Writer: Dan Jolley
Artists: Stefano Caselli (p), Barbara Schulz (i)
Publisher: Image Comics
The book opens with the Micronauts landing in an abandoned colony where they hope to remain hidden from the forces of Baron Karza, which are doggedly searching the Microverse for them. We then see the group is a bit on edge, as some members of the group believe that they should keep moving, and we soon see that this might've been a good idea, as the slave traders that initially captured most of the Micronauts has tracked them down, and they are eager to capture these escaped slaves so they can sell them back to Baron Karza a second time. While the Micronauts put up a good fight the superior armor & weaponry of the slave traders proves to be their undoing, and to further rub their face in their defeat we see the leader of the slave traders destroys the Micronauts' ship. However, before the ship was obliterated, we see Ryan Archer was able to enter the ship & rescue the captive Persephone (Baron Karza's daughter), though she isn't exactly thanking him for saving her life. We then see the Micronauts manage to have a spot of luck as a building whose support columns were damaged during the fight collapses on their captors, and the newly freed Micronauts leave the planet in the slave trader's ship. As the issue ends we see Archer discovers Karza plans on invading Earth.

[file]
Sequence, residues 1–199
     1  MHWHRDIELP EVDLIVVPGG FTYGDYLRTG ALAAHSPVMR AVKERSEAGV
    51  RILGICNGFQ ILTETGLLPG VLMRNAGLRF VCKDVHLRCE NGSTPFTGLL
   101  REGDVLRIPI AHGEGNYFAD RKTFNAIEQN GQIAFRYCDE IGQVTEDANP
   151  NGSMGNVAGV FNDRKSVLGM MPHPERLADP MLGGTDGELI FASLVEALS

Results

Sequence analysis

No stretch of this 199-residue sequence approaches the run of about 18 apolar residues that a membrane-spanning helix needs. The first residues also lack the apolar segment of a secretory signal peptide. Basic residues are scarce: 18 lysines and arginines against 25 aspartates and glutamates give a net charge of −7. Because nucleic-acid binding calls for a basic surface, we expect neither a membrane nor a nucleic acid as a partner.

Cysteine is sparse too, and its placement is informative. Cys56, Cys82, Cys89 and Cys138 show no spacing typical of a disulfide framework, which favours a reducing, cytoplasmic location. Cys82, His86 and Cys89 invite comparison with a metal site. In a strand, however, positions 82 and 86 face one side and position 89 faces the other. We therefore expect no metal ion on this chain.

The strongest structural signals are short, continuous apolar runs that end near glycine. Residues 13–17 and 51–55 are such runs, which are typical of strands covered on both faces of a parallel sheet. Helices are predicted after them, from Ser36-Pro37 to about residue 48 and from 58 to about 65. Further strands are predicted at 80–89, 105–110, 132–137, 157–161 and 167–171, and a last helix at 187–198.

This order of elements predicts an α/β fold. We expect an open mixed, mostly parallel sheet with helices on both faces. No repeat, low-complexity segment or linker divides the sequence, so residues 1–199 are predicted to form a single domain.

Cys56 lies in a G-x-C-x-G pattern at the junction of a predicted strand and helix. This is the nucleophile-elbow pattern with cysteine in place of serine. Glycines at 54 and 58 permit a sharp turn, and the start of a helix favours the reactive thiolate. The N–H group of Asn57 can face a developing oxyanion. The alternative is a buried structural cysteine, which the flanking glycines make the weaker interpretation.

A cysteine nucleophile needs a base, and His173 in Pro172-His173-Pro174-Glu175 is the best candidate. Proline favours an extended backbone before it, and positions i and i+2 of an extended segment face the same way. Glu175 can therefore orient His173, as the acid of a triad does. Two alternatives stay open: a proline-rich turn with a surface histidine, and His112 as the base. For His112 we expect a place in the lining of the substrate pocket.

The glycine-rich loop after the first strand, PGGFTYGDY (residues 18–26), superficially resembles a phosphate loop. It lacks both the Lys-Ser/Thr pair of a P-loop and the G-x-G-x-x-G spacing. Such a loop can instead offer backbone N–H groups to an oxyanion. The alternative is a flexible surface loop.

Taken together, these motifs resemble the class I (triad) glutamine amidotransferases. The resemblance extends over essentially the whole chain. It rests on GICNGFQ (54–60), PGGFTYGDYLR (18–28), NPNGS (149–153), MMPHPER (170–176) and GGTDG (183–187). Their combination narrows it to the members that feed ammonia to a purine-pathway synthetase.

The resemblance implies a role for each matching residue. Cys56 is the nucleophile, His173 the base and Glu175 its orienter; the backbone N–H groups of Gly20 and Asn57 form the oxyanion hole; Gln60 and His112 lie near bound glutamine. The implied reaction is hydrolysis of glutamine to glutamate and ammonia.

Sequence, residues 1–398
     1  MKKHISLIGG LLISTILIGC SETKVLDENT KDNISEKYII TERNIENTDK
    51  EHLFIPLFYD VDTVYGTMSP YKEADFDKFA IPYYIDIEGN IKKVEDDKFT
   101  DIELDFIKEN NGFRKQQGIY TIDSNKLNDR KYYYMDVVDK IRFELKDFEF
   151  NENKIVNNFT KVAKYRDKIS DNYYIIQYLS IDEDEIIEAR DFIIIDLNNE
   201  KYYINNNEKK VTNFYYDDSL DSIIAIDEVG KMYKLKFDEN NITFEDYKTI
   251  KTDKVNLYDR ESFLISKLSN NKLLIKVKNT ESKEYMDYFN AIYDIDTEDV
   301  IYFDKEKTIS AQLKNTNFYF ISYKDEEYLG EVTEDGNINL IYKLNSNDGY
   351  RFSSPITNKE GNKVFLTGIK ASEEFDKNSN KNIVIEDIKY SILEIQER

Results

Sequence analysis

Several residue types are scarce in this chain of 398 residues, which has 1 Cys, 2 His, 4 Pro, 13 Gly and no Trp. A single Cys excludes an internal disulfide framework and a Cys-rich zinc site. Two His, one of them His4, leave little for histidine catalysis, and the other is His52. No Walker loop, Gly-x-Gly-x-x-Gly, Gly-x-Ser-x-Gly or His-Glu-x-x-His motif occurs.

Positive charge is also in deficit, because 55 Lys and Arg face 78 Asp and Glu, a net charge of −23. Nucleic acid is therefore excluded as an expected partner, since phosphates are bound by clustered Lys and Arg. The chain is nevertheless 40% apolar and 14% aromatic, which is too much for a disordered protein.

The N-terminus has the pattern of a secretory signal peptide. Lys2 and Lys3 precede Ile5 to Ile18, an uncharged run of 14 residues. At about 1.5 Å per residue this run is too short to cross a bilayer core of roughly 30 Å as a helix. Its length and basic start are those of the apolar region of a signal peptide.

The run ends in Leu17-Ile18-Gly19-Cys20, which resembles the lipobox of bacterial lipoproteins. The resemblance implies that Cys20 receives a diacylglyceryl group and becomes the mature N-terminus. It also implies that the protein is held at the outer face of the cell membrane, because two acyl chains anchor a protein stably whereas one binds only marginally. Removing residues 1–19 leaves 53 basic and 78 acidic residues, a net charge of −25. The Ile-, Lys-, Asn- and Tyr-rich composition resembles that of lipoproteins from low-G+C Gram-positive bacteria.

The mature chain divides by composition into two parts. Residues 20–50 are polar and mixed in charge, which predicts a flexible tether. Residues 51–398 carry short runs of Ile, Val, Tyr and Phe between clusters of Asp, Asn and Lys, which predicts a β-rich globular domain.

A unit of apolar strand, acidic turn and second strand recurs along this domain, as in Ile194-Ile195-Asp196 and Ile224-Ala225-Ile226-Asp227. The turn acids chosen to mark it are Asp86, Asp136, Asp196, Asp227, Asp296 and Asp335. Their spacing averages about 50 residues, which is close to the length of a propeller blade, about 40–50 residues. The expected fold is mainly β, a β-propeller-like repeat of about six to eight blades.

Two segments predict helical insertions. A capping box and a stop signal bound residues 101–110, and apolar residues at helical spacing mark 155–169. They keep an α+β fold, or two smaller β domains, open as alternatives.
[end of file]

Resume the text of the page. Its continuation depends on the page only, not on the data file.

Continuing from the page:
I've heard nothing but good things about Dan Jolley's work on the "JSA: Liberty Files" for DC, so I was rather pleased to see his name in the credit box. There is a nice sense of forward motion to this issue, as now that the various cast members have been brought together the book can now begin to develop the relationships that will exist between these characters, as well as flesh out their personalities a bit more. This in turn allows a couple moments of insight that left me wanting more, such as the revelation that Acroyear has an expiration date, or the fact that Archer risked his life to save the life of a woman who would gladly see him tortured in the most hideous methods imaginable. Now the characters are still a bit one dimensional, and I do find myself transposing the personalities of the characters from the original series onto the new characters, which doesn't speak too highly of the new book's ability to make these characters its own, but I will concede that this issue was a step in the right direction. I also have to say that there are character's who a slowly emerging out of the shadow of their previous counterparts, as Acroyear is emerging as a very engaging presence, and the idea that Biotron was initially a killing machine brings a new twist to the character.